Morocco

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Introduction to the Country

Quote
"My hope is that countries like Morocco will have investment to create work, so people don't have to leave."
Tahar Ben Jelloun (Writer & Poet)

Population
The Kingdom of Morocco has a population of approximately 34 435 719 million people (July 2008 estimate).

Capital
Rabat

Government type
The Kingdom of Morocco has a constitutional monarchy with an elected parliament. The Chief of State is King Mohammed VI (since 23rd July 1999).

Legal system
The legal system is based on French common law and customary law, with Shari'a law applying to family matters.

Economy overview
The Moroccan economy is considered to be a relatively liberal economy, regulated by the law of supply and demand. Since 1993, the country has privatised certain sectors of the economy. In comparison with a few years ago, economic growth is far more diversified, with new service and industrial centres developing, such as Casablanca and Tangiers. In addition, the agricultural section is in the process of being rehabilitated, which in combination with good rainfalls led to sectorial growth of over 20% in 2009.

The services sector accounts for over half of GDP with an additional quarter deriving from industry comprising construction and manufacturing. The sectors of the economy which recorded the highest growth are tourism, telecoms, information technology and textile sectors.

The economic system of the country presents several facets. It is characterised by a large opening towards the outside world. However, France remains the main trading partner of Morocco. France is also the primary creditor and foreign investor in Morocco. In the Arab world, Morocco has the second largest non–oil GDP, after Egypt, since 2005.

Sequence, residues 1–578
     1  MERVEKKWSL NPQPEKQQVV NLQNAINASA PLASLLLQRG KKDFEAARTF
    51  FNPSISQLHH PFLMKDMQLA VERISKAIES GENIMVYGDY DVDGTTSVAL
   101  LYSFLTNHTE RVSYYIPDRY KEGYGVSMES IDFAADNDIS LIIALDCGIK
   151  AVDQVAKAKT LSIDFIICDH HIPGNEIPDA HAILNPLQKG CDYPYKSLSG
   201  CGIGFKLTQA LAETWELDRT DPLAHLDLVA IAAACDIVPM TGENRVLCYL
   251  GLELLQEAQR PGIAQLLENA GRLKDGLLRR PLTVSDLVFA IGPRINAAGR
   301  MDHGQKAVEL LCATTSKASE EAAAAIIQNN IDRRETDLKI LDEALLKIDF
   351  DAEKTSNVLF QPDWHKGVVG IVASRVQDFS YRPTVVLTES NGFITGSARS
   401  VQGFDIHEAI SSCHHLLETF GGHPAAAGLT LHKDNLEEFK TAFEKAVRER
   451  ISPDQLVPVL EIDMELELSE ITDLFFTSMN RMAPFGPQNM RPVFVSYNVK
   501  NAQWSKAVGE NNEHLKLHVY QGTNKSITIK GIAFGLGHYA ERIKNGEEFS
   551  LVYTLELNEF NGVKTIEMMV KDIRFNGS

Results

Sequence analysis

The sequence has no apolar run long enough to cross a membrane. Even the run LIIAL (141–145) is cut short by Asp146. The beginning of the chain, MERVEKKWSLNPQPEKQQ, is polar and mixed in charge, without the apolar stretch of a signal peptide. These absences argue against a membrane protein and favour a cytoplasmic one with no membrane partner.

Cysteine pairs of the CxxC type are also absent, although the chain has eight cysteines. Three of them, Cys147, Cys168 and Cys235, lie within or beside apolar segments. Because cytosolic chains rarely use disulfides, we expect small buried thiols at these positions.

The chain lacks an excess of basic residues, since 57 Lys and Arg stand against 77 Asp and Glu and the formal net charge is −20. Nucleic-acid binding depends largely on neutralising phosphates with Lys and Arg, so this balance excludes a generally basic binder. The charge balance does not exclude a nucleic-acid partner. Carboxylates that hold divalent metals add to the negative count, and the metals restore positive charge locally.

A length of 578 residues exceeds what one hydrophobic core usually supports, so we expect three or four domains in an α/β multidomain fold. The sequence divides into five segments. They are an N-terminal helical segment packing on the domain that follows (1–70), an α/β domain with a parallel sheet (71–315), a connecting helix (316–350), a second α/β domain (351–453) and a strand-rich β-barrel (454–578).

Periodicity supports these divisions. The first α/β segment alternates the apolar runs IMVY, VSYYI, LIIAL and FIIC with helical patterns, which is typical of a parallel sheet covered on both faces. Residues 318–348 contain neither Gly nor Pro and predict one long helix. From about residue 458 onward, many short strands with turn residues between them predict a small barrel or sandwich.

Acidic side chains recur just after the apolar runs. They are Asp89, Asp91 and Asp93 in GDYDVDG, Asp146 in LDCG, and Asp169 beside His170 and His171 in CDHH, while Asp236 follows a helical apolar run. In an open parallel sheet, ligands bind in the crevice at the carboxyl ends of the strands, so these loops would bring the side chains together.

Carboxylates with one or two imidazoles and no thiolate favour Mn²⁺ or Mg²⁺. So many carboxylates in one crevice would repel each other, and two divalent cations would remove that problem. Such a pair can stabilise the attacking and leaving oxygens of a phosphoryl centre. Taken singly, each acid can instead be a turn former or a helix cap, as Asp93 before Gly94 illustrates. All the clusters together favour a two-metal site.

The main resources of the Moroccan economy are agriculture, phosphates and tourism. In addition, fish sales and seafood are an important resource. Industry and mining contribute to a third of the annual GDP. Morocco is the world’s third–largest producer of phosphorus and the price fluctuations of phosphates on the international market greatly influence Morocco’s economy. Tourism and workers' remittances have played a critical role since the Kingdom's independence. The production of textiles and clothing is part of a growing manufacturing sector that accounted for approximately 34% of total exports in 2002, employing 40% of the industrial workforce. The government wishes to increase textile and clothing exports from $1.27 billion in 2001 to $3.29 billion in 2010.

 

Map

Next election due